Throughout Albert Einstein’s life he swam upstream, against the current of opinion and standards of normal behavior. He was independent in his thinking and the way he went about looking at the world around him.

Einstein was encouraged to find his own way from the time he was a toddler. His parents allowed him to cross the street on his own when he was four, despite the danger (in those days from horse and carriage as opposed to cars). He had a wonderment about him that endured throughout his life. It was this curiosity that allowed Einstein to question everything, and a determination to find the answers. He asked so many questions in class the teachers found him to be intolerable to teach, and so he stopped attending and set out to find answers on his own. Albert Einstein’s thirst for knowledge was what led him to the most important discoveries of our time, and will be the basis for many new discoveries from here on.

He was a simplistic man, who did not have much money and found little need for it except for basic comfort. He was so anxious to find new things he didn’t take time for mundane tasks like cooking or washing. It is often joked about that he washed his socks in the egg water to save time, and he cooked all his meals in one pan.

Einstein was a pacifist, and hated war and all that went with it. Unfortunately, he found himself immersed in it despite his feeling – through his help in developing the atomic bomb, but more importantly through his humane efforts to get as many Jews out of Germany and their occupied countries as possible, especially scientists. His covert activities were revealed after World War II was over.

He was a scientist who actually believed in God. Although the existence of God was one puzzle he was not able to prove the way science wants proof, he was acutely aware there was a higher power that was directing the universe.

Einstein never traded upon his notoriety, except when it could benefit others. Although he was aware that he was famous, it did not change him. He led a simple life, enjoyed playing chess with those he thought could learn from him – or would be a challenge. He was intensely loyal to his friends, although seemed to be, at times, more immersed in his work than his family.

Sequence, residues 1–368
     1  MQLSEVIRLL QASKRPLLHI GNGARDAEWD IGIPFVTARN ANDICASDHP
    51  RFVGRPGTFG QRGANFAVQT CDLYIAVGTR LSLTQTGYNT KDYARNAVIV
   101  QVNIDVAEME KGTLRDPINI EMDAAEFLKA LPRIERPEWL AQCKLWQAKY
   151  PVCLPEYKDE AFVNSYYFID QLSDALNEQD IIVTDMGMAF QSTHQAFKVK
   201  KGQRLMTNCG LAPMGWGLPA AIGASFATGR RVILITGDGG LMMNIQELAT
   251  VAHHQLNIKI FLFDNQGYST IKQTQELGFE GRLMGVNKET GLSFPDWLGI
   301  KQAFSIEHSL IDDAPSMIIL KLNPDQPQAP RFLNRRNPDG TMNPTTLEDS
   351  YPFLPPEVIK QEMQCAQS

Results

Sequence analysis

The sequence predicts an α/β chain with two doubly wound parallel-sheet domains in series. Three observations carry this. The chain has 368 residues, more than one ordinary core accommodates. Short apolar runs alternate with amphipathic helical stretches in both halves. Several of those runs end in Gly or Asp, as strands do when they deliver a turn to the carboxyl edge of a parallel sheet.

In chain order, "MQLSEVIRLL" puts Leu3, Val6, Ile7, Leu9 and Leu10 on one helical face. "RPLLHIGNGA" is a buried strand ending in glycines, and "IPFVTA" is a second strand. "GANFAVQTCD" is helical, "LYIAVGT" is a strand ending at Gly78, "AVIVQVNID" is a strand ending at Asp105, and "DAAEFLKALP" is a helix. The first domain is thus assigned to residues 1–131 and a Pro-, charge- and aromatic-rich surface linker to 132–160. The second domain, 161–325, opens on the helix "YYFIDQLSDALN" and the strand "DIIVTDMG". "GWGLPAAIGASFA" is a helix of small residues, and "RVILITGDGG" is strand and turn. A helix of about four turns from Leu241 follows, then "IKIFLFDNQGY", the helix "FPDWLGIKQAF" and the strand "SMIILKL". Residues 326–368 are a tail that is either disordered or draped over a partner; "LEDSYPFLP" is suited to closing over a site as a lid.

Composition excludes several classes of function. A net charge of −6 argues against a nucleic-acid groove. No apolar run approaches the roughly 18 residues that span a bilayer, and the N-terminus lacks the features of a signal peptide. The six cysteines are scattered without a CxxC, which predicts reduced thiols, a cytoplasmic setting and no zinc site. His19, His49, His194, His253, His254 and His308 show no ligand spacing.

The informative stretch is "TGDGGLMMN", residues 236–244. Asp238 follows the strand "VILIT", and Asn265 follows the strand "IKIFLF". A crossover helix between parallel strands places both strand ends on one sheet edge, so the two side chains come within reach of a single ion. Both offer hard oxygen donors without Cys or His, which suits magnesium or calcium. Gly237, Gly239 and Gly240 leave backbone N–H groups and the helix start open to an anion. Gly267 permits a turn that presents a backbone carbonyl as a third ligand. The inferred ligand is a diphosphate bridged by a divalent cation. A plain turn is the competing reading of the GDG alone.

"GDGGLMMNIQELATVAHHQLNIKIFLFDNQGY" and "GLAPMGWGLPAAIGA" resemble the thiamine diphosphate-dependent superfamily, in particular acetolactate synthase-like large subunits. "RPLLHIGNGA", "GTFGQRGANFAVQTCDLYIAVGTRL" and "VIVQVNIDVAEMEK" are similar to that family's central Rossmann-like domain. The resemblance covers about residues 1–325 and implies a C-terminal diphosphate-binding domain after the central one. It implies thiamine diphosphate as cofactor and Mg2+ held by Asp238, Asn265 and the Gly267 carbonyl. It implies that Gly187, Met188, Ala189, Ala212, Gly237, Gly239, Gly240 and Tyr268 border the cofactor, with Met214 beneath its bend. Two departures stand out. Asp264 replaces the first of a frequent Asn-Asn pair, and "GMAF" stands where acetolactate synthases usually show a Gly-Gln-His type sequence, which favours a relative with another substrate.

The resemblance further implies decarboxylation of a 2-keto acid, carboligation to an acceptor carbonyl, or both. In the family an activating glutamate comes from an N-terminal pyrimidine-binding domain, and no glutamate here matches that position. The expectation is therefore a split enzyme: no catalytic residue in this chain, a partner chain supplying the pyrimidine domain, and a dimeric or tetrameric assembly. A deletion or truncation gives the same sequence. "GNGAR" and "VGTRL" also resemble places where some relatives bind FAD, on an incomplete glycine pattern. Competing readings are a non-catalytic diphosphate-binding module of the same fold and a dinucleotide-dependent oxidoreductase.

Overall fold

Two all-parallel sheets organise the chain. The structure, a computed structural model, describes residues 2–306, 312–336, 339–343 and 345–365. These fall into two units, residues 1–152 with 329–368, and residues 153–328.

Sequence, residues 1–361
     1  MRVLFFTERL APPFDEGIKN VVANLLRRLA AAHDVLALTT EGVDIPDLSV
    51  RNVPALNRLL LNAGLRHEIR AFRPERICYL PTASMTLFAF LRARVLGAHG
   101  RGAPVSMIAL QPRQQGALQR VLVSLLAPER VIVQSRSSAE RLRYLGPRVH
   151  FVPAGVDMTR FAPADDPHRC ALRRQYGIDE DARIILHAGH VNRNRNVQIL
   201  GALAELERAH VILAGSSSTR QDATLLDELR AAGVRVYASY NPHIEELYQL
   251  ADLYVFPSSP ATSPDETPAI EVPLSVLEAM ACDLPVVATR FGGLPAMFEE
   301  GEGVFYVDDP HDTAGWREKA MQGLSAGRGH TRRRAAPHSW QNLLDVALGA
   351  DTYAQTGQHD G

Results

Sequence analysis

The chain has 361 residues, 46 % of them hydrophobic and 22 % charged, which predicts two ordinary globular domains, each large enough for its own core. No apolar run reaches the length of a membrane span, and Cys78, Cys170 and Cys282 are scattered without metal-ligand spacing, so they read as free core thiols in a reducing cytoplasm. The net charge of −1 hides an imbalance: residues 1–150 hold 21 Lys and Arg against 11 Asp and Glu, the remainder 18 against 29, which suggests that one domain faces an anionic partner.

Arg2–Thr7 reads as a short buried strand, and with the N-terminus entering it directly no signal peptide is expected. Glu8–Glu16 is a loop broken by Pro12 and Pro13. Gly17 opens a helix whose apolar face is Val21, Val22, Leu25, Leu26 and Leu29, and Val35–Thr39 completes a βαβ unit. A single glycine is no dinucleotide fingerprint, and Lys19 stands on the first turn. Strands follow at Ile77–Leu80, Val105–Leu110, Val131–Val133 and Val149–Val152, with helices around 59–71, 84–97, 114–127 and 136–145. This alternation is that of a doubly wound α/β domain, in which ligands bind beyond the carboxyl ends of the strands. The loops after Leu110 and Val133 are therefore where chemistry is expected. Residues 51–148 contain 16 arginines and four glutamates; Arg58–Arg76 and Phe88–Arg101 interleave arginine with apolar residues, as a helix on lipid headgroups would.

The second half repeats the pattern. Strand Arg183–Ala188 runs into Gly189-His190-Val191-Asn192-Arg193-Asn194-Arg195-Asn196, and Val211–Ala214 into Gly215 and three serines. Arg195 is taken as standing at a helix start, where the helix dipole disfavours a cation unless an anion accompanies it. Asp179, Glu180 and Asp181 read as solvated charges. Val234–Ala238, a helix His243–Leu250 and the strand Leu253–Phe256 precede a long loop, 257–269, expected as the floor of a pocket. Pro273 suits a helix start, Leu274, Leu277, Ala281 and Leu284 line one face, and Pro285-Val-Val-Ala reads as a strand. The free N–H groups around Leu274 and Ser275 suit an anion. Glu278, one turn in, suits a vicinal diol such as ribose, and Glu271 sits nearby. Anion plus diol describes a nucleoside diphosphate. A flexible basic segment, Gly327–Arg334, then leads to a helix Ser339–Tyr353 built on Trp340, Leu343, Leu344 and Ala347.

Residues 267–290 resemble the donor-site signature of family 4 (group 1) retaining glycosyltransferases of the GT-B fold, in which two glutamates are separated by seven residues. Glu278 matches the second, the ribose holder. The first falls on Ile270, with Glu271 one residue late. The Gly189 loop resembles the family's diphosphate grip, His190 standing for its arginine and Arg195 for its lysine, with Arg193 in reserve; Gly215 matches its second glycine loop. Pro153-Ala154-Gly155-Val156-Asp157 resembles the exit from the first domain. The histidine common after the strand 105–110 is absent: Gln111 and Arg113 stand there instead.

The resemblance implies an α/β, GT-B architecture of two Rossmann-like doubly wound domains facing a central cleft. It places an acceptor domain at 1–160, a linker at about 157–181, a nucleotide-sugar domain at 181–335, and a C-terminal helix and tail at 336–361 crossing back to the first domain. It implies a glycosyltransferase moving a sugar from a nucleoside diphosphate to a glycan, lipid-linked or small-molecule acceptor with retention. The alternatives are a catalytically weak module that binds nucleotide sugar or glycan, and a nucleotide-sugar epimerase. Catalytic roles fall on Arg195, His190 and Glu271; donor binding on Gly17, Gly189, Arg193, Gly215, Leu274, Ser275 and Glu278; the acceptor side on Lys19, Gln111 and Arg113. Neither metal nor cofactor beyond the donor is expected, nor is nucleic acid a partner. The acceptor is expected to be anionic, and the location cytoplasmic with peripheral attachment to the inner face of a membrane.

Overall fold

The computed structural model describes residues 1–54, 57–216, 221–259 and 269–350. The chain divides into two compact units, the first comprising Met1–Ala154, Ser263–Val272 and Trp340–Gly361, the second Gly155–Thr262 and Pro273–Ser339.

He understood that all of life is a balance, and that no one can work 100% of the time and be productive. He took breaks, often as a way to take his mind away from what may be troubling him in order to get a different perspective. It was often during these breaks he came up with his best solutions.

At his death, Einstein’s brain was examined, cut up and re-examined. It was found it did not weigh any more than the normal brain. Unfortunately there wasn’t the neuroscience and technology we have today to do the proper tests to find out what made his brain so outstanding. What can only be concluded is he didn’t have a brain any different than any of us, but his questioning and curiosity led to many more neural connections than most of us will ever have, and these connections are what set him apart.

This is Ron White, two-time USA Memory Champion , memory training expert, and memory keynote speaker. I am fascinated with Albert Einstein, not only for his great mind but for his qualities as a man. If you want to know more about Albert Einstein you can check out my “How To Develop The Mind of Einstein” CD set.